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Wade Denniston, USU Athletic Media Relations
Utah State senior linebacker Suli Tamaivena (center, No. 42) prepares to walk to midfield for the pre-game coin toss against Hawai'i on Nov. 3, at Aloha Stadium in Honolulu, Hawaii.

They were done. She was not.

When Sera Tamaivena’s twins – Suli and Siti – decided they were no longer going to play football, the decision did not sit well with her, and she let her boys know about it.


“We started playing rugby,” said Suli. “My mom kept begging us to go back to football, and we just didn’t want to do it. We were having fun with rugby. And then my mom, she’s a really gospel woman, just kept praying and praying, and then asked us one more time. It was like, ‘OK, fine. We’ll give it a shot.’ We gave it a shot, and now we’re happy. We’re blessed to come this far.”

Suli Tamaivena is in his senior season at Utah State, while his twin, Siti, is in his senior season at New Mexico. Both of them play linebacker for their respective teams.

“It’s fun,” Suli said when asked what it’s like having his brother play for a rival school. “We’re always talking to each other, and I always talk smack to him because we’re doing really well right now, so I love talking to him. It’s fun because I at least get to see him one time, and when I get to see him, it’s always fun.”

The journey Tamaivena took to Utah State proved to be a long one, with many twists and turns and the occasional bump in the road. One thing is certain, No. 42 is glad to be an Aggie.

“My career at Utah State has been so much fun,” Tamaivena said. “I never thought I’d have this much fun. It’s just been great. I love the environment, and I love the team. I’m never going to have another opportunity to be here again, so right now I’m just enjoying it. I love everything about it.”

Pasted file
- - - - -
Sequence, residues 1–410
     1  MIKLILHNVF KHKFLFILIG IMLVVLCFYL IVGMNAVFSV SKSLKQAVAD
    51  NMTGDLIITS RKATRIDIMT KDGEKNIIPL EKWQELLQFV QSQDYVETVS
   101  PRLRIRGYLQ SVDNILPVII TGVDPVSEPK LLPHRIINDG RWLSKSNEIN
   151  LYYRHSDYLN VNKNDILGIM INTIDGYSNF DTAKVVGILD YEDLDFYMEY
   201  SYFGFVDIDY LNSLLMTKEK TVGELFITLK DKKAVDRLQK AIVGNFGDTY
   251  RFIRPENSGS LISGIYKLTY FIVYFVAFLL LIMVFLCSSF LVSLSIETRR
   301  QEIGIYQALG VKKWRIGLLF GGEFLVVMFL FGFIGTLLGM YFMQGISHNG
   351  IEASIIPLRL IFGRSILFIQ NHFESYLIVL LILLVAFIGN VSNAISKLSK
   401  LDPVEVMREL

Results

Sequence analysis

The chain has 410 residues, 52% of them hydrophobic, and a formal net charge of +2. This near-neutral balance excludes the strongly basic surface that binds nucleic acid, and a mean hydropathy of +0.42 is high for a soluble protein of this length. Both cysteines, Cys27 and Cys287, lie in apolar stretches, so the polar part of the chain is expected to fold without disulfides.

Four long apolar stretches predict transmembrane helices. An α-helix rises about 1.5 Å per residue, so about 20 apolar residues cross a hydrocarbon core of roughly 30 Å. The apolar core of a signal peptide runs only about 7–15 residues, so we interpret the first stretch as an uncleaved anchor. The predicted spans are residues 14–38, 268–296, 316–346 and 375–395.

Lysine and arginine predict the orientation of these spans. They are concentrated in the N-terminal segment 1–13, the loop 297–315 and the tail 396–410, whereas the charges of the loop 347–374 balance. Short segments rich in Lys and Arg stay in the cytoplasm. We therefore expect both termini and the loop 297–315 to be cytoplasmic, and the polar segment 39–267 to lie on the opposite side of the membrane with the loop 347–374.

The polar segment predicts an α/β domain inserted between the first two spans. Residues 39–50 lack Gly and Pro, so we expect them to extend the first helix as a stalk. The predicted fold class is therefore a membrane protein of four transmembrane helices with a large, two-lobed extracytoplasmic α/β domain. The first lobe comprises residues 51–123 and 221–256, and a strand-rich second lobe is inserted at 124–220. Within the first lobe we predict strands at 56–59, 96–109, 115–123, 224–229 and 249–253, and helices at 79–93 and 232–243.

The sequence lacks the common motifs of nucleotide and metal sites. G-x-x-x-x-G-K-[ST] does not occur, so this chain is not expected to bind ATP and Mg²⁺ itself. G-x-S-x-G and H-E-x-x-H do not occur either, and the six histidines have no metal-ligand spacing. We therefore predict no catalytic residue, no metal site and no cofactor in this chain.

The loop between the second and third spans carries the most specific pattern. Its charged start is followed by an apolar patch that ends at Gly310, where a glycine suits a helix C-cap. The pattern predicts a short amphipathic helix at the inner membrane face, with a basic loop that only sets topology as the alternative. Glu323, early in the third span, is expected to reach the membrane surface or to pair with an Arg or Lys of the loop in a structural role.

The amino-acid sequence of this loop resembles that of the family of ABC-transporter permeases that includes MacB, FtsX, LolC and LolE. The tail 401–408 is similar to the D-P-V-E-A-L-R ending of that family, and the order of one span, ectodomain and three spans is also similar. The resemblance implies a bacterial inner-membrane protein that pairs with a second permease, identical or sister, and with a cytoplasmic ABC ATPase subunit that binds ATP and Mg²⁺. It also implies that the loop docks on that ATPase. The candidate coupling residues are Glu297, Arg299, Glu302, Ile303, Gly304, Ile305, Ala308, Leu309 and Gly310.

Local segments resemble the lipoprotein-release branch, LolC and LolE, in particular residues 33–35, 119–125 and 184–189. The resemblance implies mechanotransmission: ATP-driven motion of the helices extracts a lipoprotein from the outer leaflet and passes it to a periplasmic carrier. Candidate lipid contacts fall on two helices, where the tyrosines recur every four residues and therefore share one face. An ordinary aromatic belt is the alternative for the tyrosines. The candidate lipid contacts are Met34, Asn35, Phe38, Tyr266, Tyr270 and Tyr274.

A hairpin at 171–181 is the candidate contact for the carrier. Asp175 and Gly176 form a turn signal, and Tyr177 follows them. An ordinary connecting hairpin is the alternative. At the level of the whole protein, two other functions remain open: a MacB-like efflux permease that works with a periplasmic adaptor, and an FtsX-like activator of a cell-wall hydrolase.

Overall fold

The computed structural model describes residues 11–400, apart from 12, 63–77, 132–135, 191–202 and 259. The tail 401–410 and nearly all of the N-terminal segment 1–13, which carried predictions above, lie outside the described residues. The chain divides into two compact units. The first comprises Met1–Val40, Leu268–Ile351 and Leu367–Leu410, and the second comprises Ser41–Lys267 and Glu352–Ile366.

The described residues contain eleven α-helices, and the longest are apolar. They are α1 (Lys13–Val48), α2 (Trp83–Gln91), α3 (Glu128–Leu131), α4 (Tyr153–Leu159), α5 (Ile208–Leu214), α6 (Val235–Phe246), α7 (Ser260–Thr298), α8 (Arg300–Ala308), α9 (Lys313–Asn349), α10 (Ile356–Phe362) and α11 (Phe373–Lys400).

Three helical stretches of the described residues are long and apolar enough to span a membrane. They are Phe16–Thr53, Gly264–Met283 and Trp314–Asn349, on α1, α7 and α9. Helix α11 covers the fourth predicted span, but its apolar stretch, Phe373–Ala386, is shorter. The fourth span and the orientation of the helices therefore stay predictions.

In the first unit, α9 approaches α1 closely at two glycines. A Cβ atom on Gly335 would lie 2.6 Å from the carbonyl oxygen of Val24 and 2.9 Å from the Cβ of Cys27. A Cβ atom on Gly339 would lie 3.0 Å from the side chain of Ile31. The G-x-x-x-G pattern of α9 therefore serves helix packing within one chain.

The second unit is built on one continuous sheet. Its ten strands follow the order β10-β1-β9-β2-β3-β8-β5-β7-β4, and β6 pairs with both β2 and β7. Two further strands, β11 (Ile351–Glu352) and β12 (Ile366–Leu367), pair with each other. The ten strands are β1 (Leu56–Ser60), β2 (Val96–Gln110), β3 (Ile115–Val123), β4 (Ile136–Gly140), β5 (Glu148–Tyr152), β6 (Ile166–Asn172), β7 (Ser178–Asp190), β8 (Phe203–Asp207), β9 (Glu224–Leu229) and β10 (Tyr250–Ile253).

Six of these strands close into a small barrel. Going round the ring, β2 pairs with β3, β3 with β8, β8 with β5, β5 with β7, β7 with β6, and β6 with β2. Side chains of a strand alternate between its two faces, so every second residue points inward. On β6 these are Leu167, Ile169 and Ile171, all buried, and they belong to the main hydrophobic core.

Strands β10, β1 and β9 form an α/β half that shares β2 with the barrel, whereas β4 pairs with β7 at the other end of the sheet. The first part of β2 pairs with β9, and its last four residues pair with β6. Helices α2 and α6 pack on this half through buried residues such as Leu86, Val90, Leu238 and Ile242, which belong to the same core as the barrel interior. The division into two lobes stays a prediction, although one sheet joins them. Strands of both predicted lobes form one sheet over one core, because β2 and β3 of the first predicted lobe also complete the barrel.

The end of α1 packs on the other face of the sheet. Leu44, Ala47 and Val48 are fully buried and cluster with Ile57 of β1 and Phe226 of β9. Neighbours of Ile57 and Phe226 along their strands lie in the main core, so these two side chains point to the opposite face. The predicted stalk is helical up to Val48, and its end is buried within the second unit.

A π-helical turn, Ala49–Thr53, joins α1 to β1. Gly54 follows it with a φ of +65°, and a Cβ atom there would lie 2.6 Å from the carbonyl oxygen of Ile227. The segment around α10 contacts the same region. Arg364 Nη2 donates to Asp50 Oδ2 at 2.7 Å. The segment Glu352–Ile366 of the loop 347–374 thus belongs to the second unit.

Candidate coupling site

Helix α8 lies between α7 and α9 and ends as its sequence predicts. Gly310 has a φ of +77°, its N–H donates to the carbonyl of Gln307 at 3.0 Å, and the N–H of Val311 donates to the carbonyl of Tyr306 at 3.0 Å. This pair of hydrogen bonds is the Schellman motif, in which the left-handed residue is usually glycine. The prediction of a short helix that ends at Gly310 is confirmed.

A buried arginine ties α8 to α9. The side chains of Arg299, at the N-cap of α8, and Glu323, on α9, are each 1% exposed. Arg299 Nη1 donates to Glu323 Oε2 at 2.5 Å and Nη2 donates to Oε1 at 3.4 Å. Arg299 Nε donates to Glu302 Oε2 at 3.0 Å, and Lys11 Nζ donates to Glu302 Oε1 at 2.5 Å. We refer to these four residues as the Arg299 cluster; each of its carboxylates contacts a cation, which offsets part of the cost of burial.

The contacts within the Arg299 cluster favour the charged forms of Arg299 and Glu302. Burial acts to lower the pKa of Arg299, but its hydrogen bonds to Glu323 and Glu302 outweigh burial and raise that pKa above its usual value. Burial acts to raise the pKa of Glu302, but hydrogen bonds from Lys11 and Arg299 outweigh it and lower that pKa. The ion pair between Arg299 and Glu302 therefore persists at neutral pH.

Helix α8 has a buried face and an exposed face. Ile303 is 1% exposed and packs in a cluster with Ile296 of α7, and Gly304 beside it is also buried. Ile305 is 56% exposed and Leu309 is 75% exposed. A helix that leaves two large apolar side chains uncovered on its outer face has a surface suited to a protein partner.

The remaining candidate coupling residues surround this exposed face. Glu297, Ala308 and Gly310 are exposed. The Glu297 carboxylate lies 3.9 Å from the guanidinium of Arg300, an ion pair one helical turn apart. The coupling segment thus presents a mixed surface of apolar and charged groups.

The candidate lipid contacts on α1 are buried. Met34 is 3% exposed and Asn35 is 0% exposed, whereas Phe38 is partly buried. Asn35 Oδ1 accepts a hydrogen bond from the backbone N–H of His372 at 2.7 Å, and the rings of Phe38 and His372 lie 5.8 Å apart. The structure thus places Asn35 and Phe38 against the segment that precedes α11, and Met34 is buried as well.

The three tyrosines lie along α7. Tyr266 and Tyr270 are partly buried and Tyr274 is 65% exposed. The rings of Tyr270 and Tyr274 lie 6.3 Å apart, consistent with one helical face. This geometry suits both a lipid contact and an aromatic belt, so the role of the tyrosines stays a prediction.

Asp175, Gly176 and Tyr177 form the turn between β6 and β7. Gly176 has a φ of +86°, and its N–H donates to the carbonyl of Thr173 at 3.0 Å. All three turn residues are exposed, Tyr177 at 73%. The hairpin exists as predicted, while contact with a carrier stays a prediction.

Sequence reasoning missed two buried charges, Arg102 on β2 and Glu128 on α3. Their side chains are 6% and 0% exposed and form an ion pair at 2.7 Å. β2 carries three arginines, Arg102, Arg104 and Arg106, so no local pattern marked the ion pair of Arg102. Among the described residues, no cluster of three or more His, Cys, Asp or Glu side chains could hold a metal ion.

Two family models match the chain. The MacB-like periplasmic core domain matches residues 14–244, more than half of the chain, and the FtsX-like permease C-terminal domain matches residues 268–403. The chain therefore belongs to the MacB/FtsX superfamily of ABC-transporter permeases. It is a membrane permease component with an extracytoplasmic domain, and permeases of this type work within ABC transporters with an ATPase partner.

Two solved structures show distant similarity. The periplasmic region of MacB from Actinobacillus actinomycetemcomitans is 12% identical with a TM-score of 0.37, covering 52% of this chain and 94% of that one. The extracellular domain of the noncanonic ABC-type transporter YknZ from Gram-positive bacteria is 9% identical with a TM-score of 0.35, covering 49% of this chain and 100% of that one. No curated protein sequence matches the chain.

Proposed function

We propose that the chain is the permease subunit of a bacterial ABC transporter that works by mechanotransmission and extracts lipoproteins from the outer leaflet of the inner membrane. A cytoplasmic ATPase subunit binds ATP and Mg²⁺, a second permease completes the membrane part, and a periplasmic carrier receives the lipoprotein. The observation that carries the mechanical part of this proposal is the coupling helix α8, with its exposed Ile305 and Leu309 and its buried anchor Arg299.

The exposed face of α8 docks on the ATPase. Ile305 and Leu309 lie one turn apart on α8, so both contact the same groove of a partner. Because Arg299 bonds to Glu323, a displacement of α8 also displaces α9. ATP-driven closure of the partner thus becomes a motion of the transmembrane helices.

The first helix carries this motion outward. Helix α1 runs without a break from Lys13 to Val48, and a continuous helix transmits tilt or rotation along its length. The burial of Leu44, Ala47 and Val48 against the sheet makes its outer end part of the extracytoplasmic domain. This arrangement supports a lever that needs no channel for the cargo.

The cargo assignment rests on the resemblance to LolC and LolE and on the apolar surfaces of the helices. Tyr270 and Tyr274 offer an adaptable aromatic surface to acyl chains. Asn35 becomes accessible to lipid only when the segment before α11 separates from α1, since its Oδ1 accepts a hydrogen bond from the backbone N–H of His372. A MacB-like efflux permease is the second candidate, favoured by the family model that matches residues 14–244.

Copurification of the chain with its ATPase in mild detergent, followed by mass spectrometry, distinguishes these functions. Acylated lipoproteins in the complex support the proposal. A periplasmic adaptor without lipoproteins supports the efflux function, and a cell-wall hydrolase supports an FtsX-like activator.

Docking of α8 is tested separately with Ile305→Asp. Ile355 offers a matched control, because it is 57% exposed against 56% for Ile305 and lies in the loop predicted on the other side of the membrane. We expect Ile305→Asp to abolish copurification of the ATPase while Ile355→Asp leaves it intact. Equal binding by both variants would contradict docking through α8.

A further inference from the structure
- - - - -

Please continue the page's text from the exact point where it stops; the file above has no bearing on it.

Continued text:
Suli and Siti prepped at Juanita High School in Kirkland, Washington. Knowing their grades were not where they should be, the twins quit playing football and focused on rugby for the next two years.

After all, rugby is in their blood since their father, Levi, was a star in Fiji and played on the national team from 1991-99.

“Our academics weren’t great, and we knew that we weren’t going to make it anyway, so we decided to play rugby,” Suli said. “And then, my mom asked us one more time if we would consider playing football again. One of our close uncles knew one of the coaches at Mt. SAC (Mt. San Antonio College in Walnut, California).”

From there, the Tamaivena brothers enrolled at Mt. SAC, where they spent the 2014 and 2015 seasons. Again, not making the grade in the classroom kept Suli from fulfilling a commitment to play at Washington State.

During his time at Mt. SAC, he earned California Community College Athletic Association first-team All-America honors and first-team all-Region III honors and was named the Southern California Football Association National Division Central Conference co-Defensive Player of the Year as a sophomore. Tamaivena recorded 81 tackles, including a whopping 20.0 tackles for loss and 9.0 sacks.

While his playing days with the Mounties were over, Tamaivena continued to take classes at Mt. SAC and became eligible to transfer. So, when Washington State fell through, Utah State was there.